It is hard to find words to express what Marie Clay has meant to the field of reading education around the world.
Who has done more to promote young children's literacy?
Who has done more to promote teachers' professsional knowledge, confidence, and practice?
Who has done more to promote the concept of research-based practice and practice-based research?
No one, I think. …
P. David Pearson
University of California Berkeley
Marie Clay: Teacher, researcher, author, and champion of young readers
Acknowledgement: This brief biography is adapted from the 1999 book, Stirring the Waters: The Influence of Marie Clay, edited by Janet S. Gaffney and Billie Askew. It is presented here with permission of the authors and the publisher, Heinemann, Portsmouth, NH. Text has been updated in a few places from text that appears in the original book.
Marie M. Clay
Born in 1926 in Wellington, the capital city on the southern tip of the North Island, Clay is uniquely New Zealand -- frugal and resourceful. Although education is a top priority in New Zealand, funding for schools and research leaves no room for excess and spurs ingenuity and cooperation. Historically, the national curriculum was developed and revised by educators, with products of collegial work attributed to the New Zealand Department of Education rather than to individuals. From the beginning of their programs at a teachers college, pre-service teachers work in schools, and they apprentice with master teachers as they enter the profession. These cultural features are footholds in Marie’s work, as reflected in her concern for the “economic use of a child’s learning time” and the central role that collegial interactions play in professional development.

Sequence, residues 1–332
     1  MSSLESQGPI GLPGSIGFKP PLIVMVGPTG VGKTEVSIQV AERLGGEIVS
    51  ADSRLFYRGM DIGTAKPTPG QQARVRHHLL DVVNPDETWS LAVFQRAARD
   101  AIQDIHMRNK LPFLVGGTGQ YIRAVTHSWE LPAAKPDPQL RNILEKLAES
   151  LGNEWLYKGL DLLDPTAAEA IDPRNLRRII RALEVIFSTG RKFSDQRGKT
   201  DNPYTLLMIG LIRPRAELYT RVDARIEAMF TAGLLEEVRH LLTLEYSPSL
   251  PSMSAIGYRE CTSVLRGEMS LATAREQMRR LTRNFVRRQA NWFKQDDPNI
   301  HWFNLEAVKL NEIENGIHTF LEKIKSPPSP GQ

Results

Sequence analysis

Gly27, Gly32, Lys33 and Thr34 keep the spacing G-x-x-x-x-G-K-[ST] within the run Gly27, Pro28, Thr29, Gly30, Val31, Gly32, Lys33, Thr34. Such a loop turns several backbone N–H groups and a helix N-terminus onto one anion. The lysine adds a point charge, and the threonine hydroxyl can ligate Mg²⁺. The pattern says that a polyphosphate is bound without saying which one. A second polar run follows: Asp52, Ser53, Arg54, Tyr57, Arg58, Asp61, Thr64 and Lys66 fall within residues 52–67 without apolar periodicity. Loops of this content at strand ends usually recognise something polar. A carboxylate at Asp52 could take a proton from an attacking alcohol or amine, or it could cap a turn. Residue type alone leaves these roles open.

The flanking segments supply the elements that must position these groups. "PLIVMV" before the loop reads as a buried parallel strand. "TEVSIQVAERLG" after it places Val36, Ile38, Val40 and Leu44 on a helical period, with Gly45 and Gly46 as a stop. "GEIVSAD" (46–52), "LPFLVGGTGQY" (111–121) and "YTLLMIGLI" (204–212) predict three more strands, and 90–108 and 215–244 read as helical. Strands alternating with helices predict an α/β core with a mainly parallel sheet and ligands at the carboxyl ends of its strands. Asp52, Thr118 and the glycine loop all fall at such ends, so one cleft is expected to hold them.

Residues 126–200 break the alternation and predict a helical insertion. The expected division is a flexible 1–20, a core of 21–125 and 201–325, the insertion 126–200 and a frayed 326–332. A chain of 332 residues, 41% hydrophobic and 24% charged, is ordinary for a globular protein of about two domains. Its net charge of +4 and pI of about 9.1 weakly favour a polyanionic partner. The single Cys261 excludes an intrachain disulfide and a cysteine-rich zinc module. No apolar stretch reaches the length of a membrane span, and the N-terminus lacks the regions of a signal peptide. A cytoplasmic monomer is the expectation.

We open doors to a literate future for children who initially struggle in learning to read and write.